Spanish Scientists Revolutionize Smart Meters’ Market with Wireless Sensor

Spanish scientists are concentrating on revolutionizing the smart meters’ market using wireless sensors that have software and hardware integrated within it. These newly developed sensors can take measures of relative humidity and temperature at every 60 seconds, and offer a guaranteed energy supply through photovoltaic microelements. The device is expected to reduce the cost barriers involved in the utilization of advanced sensors in buildings for the optimization of energy usage.

The newly developed wireless sensor consumes less power, can be programmed using software and is accurate and reliable in the long run besides having cost-effective procurement and installation. Additionally, the wireless sensor is scalable and networked, capable of fast data acquisition and does not require extensive maintenance.

A PV micro cell is the main source of energy and provides electricity along with a microprocessor [B1] to the wireless device. Data is transferred without any cables and battery, and the mean intensity offered by the microprocessor [B2] is 0.06mA.

Furthermore, upgradation of the embedded firmware is made possible in the field through the wireless network.

The PV microcell comprises of a monolithic photovoltaic solar cell chain, and when working in an environment of bright artificial light or in sunlight, the optical energy activates specific cells to produce a voltage at the output. Solar cells possess the ability to generate a floating current source that can activate logic gates and voltage integrated circuits. These cells can also provide maintenance charge [B3] for various power applications.

Smart meters are considered as digital electric meters that can gather data on energy use and safely send the data to the operations center and the control form. These smart meters can mainly be installed in zero energy buildings, i.e. ECC buildings that have net energy consumption almost close to zero in a year. However, the cost efficiency potential of these buildings is yet to be widely studied.

Actually, the zero energy buildings’ market does not have a cost-effective and dependable device that can measure and data log the various energy parameters in buildings.

The main challenge confronted by these devices is that they should be able to transfer data every minute without being affected by the absence of the sun. Since the device is  constantly provided with tension, it can transfer regular data over the years.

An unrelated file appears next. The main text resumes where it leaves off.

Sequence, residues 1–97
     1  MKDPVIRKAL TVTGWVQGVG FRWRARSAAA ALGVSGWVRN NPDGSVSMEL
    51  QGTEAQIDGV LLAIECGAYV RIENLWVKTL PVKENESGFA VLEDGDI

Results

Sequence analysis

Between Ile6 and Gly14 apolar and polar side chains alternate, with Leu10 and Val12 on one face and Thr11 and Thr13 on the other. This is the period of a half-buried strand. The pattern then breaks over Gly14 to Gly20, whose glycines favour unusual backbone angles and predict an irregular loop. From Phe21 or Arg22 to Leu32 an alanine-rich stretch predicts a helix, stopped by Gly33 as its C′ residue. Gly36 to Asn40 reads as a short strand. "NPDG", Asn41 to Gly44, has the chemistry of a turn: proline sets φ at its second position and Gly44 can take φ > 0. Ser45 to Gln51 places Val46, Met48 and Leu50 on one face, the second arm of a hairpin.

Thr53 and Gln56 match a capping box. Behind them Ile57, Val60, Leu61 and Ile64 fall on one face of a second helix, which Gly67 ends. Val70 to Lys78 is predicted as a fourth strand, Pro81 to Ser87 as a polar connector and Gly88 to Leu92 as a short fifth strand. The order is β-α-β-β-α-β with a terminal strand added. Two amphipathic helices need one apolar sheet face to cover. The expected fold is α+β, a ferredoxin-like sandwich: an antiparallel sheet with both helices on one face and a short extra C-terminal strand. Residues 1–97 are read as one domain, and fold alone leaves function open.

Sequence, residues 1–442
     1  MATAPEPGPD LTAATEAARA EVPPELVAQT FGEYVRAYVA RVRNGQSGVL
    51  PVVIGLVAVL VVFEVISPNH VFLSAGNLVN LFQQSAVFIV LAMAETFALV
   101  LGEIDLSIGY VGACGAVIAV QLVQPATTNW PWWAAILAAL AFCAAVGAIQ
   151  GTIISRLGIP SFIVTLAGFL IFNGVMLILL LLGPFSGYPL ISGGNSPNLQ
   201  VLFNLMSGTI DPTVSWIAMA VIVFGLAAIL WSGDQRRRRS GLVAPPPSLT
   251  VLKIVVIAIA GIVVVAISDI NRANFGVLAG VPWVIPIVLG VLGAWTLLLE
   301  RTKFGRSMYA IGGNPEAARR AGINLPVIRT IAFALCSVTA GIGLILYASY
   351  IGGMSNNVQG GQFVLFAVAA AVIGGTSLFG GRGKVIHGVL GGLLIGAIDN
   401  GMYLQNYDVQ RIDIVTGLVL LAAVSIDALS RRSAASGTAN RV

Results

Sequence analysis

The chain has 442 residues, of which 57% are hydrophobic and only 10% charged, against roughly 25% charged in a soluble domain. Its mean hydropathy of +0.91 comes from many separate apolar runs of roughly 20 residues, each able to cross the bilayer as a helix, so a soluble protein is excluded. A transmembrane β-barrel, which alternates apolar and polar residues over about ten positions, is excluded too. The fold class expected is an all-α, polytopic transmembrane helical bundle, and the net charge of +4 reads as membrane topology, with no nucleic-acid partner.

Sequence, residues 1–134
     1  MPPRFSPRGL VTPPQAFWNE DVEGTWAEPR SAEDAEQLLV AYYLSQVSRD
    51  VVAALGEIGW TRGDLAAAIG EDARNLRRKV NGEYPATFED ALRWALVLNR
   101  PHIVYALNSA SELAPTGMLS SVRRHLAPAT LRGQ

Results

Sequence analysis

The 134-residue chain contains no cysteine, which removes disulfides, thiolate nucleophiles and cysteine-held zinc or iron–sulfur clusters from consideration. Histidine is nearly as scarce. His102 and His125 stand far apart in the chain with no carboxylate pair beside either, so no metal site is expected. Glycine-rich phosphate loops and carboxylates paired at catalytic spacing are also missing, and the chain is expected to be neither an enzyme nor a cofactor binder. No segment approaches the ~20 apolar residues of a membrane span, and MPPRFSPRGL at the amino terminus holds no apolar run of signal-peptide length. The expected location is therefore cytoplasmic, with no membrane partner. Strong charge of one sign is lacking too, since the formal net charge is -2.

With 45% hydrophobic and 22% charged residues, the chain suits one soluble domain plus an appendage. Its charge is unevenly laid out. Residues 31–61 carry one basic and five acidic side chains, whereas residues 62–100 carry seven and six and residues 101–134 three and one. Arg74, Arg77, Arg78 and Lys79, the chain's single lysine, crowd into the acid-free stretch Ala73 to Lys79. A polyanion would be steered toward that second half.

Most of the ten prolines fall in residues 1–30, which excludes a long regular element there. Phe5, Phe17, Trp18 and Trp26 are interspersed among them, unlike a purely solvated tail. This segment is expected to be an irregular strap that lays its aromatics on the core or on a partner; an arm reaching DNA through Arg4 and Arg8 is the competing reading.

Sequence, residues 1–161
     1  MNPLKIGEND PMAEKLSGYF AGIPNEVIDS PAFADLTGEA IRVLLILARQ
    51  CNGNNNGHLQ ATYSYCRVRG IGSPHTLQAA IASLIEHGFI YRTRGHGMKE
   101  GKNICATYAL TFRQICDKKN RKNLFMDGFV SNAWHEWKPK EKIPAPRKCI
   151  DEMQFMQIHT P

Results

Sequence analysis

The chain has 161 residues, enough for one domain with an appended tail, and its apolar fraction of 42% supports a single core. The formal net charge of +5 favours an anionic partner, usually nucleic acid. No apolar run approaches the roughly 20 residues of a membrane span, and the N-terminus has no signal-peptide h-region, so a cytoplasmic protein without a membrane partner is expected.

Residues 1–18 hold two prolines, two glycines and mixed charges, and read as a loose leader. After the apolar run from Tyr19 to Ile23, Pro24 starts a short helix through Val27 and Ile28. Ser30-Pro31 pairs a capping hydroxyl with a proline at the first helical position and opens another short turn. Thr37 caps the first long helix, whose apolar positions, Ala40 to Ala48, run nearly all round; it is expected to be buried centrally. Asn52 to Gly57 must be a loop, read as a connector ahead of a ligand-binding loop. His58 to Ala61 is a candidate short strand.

Need of Sensors

Integration of sensors into machinery, structures, and the environment, together with the effective delivery of sensed information can provide remarkable benefits to society.

Controls and sensors have described the potential to decrease energy consumption in buildings by almost 20% to 30%. Incase of wire bundles, they are prone to connector failures and breakage, and long wire bundles represent a vital installation and long term maintenance cost. These limitations restrict the number of sensors that can be deployed in a building, and as a result decreases the overall quality of the data reported.

However, wireless sensing networks can eliminate this expenditure, and can also facilitate easy installation by eliminating the need of connectors. Cost-effective and non-invasive temperature and relative humidity sensors using wireless technology have been manufactured.

Obtaining accurate data demands the ability to integrate radio communications, sensors, and digital electronics into one integrated circuit package. This capability enables networks of extremely low cost sensors that can communicate with each other with the help of low power wireless data routing protocols.

An important feature of every single wireless sensing node is to reduce the need of energy storage and the power used by the system. If batteries are to be constantly changed, then widespread adoption of these devices will not take place.

By integrating PV microcells and smart sensors, maintenance free, long term, batteries and wires can be eliminated, which is what scientists from the School of Engineering Aeronautics and Space of the Polytechnic University of Madrid, member of the Computer Simulation Center, have managed.


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